Selfcare is keeping me living

I am assuming, because you are reading this blog, that the idea of caring for yourself has, for you, become more curious. And maybe you are asking yourself: What exactly is Selfcare? And Why would I need it?

For each of us the answer to these questions is unique to ourselves, and requires some self-reflection and awareness. To help with this, I will share with you my answers to the questions: What is Selfcare and Why do I need it?, and maybe this will help you to continue to pursue an essential life-saving process – taking care of ourselves first.

The process of regaining our emotional footing in the midst of struggle is where our courage is tested and our values forged.

Brené Brown says in Rising Strong “The process of regaining our emotional footing in the midst of struggle is where our courage is tested and our values forged.”

At the end of 2015 my son, Liam, was killed in a single car accident, he was 19 years old. During the following year I have kept myself ‘busy’ with busyness and not really achieving anything of significance, just running through the motions of being busy and not having to stop – and think.

I have increasingly become a recluse. As a natural extrovert, who draws energy and life from my connection with others, my struggle with grief, shame and the guilt, has led me to avoiding those I have previously connected with – my friends and family. Most people don’t know what to say to me, as they can not fathom the loss of a child, so me not seeking their company has, I imagine, been a relief for them of some kind, and also for me, as I don’t have to pretend to be ‘all-right’.

My courage has been sorely tested over the last year. I have always thought of myself as strong, social, and able to cope, after all, I am a coach and mediator and deal with the unexpected a lot. Whilst I have never lost a child before, it wasn’t Liam’s death alone that triggered my self-imposed exile. The best way I can describe my experience is like a tap that is dripping into a precariously placed bucket, and with each drip the bucket gets fuller and more precarious, then the last drip, the unexpected drip is too much, and the bucket tips. All that I have coped with and managed over the last 50 years came spilling out with that one last drip, and my whole identity and being has been rocked to the core. Who am I now?

Over this last year, I have made tremendous progress in stopping the ‘dripping tap’, and the values that have emerged have been:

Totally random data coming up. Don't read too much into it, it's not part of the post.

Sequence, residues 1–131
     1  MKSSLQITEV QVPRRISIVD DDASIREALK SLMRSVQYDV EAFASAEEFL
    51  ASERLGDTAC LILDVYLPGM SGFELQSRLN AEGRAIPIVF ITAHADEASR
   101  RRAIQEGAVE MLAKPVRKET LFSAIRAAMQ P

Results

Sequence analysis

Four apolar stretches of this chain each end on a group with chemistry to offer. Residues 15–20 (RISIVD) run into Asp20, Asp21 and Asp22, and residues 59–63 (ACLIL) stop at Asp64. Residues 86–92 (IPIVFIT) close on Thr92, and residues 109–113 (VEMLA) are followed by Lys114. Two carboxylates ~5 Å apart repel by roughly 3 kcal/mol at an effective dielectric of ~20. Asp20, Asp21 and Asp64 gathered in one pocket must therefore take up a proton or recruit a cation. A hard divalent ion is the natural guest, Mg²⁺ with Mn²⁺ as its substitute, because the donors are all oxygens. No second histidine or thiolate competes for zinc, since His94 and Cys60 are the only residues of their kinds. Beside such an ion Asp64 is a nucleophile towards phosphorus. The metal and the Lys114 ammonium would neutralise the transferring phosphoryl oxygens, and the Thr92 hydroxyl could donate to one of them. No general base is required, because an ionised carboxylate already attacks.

I am worthy of loving.

I am deserving of self-love.

I deserve to be cared for.

And that I am the only one that is responsible for all three of these.

In a nutshell, this is what I have learned:

  • Selfcare is more than physical changes, there is a need to attend to, and love your whole self. All that makes you unique and alive, including making: spiritual, emotional, mental, social and lifestyle changes.
  • Selfcare is MY responsibility.
  • Selfcare is NON-negotiable.
  • Selfcare is the small things.
  • Selfcare is selfish, and that is how it should be.
  • Selfcare is essential to living.

I think the realisation that Selfcare is the small things made developing a Selfcare program much simpler for me. I started by undertaking my Selfcare assessment, I noticed the moments in my days where I felt ‘better’. I didn’t go so far as to expect joy and ‘woo hoo’, I was just looking for better, more like how I wanted to feel… And then I wrote about my experience under all of the relevant headings in my assessment sheet.

I then reflected on which of the six elements of self care (physical, social, spiritual, mental, emotional and lifestyle) were a ‘bit light on’ for activities, and I then began to look for ‘stuff’ to fill these gaps.   And before long I had a Selfcare plan.   The Selfcare plan consists of affirmations of what I can do, clearly setting intentions and giving myself a direction.

Here is what I came up with, my personal assessment and plan, then finally, I created a checklist, or to-do list of sorts, to follow each day. The list comprises simple moments that take little time, but the act of being ‘present’ in those moments means I recognise the joy and pleasure I create, for myself and for others. By doing this I am building my awareness of my deserving love, and my value.   I smile more, and feel ‘lighter’.

Selfcare is a living process that requires daily attention and amendment as my needs change. I now find the saying “You can’t pour from an empty bucket” a truism holding double meaning: through Selfcare, filling a bucket with ‘moments of coping’ is no longer necessary, instead I can fill the bucket with patience, forgiveness and love, to share with another.

I know you will enjoy your free Selfcare assessment and Selfcare plan sheets. I’d love to help you more with your Selfcare plans and actions, and I’m delighted to offer you a complimentary wholehearted coaching session, as a special offer for those who download this resource.

Take Care of You, X Linley